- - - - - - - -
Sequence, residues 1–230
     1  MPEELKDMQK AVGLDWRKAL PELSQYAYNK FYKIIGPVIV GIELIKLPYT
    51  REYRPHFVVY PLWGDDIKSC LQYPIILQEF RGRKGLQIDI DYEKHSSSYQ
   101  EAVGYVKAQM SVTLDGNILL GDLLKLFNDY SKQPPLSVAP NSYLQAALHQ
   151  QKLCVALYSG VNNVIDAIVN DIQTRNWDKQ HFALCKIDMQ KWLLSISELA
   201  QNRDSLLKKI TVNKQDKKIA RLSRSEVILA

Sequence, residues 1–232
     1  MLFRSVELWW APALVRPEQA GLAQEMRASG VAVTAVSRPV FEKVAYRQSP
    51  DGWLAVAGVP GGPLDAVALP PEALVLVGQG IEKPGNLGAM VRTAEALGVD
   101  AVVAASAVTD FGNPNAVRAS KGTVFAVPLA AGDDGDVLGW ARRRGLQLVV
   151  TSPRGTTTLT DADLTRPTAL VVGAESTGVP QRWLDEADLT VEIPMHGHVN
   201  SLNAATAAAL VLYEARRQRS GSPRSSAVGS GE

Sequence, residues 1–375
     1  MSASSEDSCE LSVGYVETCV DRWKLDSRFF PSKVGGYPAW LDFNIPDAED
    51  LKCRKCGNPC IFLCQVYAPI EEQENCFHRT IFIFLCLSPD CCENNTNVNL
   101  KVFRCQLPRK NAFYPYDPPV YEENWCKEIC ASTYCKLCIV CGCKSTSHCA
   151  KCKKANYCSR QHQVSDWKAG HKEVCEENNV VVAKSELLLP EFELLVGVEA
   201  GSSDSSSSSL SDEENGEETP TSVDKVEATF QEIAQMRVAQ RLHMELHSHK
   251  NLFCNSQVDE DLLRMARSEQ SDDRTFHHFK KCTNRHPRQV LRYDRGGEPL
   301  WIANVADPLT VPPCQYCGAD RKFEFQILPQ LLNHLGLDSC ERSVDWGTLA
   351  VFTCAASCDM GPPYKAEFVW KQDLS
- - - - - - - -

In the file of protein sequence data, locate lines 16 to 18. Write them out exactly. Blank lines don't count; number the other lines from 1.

   101  KVFRCQLPRK NAFYPYDPPV YEENWCKEIC ASTYCKLCIV CGCKSTSHCA
   151  KCKKANYCSR QHQVSDWKAG HKEVCEENNV VVAKSELLLP EFELLVGVEA
   201  GSSDSSSSSL SDEENGEETP TSVDKVEATF QEIAQMRVAQ RLHMELHSHK